According to a new study, only 1 in 3 children receive the recommended daily allowance of vitamin D. Deficiency of this micronutrient plays a major role in a number of ailments including rickets, multiple sclerosis and type 2 diabetes.
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According to new research from the University of Georgia, most children are likely not getting the recommended daily amount of vitamin D.
The researchers found that only about one in three babies met the daily recommendation by 13 months of age.
La vitamin D deficiency can cause several problems, including rickets, a disease that softens and weakens bones, potentially causing fractures, stunted growth and skeletal deformities.
Recent research has also shown that the vitamin may play a role in diseases, such as multiple sclerosis and diabetes.
Experts recommend that children receive 10 micrograms of vitamin D every day. The study analyzed data collected from more than 2.300 children in the first year of life.
To reach the recommended dose, breastfed babies and infants would need one liter of formula milk per day to reach the recommended amount, which is difficult in the first months of life when babies eat little.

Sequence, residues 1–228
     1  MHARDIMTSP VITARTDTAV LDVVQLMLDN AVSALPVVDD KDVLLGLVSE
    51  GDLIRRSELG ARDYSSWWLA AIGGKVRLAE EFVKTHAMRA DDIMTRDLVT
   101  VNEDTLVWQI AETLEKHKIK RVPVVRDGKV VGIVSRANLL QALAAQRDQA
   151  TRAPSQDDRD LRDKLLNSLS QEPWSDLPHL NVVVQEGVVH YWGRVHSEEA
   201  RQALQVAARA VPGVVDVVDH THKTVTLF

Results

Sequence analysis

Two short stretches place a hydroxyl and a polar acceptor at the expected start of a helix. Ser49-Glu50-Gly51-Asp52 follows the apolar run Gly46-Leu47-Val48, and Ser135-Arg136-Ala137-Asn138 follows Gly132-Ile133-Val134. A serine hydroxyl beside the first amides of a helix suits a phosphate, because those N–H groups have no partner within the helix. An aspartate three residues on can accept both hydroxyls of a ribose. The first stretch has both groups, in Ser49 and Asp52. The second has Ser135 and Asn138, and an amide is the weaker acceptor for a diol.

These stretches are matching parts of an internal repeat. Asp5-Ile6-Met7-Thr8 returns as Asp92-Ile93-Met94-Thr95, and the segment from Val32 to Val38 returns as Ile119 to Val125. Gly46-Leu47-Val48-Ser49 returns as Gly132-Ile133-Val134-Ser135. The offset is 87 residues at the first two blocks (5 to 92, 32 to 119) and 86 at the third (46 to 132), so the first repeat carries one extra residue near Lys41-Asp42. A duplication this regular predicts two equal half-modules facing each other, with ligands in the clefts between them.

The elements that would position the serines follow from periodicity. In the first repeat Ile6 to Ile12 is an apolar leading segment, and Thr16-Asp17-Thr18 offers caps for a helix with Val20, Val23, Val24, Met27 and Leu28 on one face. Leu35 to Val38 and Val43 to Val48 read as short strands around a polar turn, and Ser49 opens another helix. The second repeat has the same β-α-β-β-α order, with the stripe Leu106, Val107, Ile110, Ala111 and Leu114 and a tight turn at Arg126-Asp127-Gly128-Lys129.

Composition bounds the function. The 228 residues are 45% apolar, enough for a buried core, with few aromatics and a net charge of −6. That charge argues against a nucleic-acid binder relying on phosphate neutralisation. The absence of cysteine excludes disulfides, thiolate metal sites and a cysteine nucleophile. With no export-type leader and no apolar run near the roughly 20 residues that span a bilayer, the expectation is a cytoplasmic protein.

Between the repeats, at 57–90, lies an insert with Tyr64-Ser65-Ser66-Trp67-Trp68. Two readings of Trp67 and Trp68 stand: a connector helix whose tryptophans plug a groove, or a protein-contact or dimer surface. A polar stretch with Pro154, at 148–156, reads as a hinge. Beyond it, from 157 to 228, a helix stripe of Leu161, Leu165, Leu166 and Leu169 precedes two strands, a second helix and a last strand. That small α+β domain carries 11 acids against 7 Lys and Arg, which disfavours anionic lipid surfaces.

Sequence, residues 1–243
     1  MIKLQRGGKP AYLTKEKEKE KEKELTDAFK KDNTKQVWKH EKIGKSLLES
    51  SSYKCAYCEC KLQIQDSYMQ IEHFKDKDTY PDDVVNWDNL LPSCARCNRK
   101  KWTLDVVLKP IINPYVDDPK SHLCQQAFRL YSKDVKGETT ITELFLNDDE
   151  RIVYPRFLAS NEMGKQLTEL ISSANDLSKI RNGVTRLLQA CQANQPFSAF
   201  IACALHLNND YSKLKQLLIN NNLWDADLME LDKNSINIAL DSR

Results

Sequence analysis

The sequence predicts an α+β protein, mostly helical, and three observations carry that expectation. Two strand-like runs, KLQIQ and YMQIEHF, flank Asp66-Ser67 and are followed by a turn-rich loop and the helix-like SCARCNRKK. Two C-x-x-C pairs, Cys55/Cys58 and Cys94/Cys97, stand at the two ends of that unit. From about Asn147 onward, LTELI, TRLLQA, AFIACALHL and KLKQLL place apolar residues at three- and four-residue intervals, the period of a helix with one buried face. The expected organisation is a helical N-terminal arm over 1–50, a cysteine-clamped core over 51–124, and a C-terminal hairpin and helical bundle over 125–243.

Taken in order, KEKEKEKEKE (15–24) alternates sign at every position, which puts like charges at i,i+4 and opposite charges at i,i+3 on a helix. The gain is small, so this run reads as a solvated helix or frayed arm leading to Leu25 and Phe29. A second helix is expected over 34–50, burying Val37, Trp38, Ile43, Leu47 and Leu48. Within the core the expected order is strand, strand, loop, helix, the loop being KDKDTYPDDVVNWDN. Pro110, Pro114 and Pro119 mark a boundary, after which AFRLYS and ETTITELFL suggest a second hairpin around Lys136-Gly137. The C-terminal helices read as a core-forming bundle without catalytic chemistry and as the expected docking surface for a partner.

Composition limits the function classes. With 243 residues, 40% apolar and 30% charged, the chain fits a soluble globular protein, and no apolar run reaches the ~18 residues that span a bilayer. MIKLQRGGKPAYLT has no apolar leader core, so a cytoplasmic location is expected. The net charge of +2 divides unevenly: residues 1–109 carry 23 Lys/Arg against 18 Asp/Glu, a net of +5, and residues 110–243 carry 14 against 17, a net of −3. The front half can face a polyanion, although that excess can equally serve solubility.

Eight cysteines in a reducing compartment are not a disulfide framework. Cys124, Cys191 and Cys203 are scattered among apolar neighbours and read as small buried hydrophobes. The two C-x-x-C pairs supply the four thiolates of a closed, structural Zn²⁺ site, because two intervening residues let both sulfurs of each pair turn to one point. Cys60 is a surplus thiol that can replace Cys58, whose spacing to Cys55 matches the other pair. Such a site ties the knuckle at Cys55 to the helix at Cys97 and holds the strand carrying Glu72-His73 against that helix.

(Read also: Vitamin D: all the consequences of a deficiency)
According to the study, only 6% to 12% of babies received a vitamin D supplement during their first year of life.
In addition, less than half of bottle-fed babies and only 7% of breastfed babies who were not given vitamin D reached the recommended dose.
(Read also: The best vitamin D for children)
Vitamin D supplementation should be synonymous with breastfeeding. Regardless of whether you are exclusively breastfeeding or partially breastfeeding, babies need supplementation to meet their needs.
But that's not all, as this study also suggests that formula-fed babies may need additional vitamin D.
Experts have been recommending for decades vitamin D supplements for all children, but parents probably do not get adequate information from pediatricians. In fact, recent studies have shown that only 36% of doctors recommend vitamin D supplementation to their patients.
Education on the importance of integration is fundamental, but requires unison intervention between doctors, pediatricians and nutrition experts who have the task of properly informing parents.
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Photos: Journal of Nutrition Education and Behaviour
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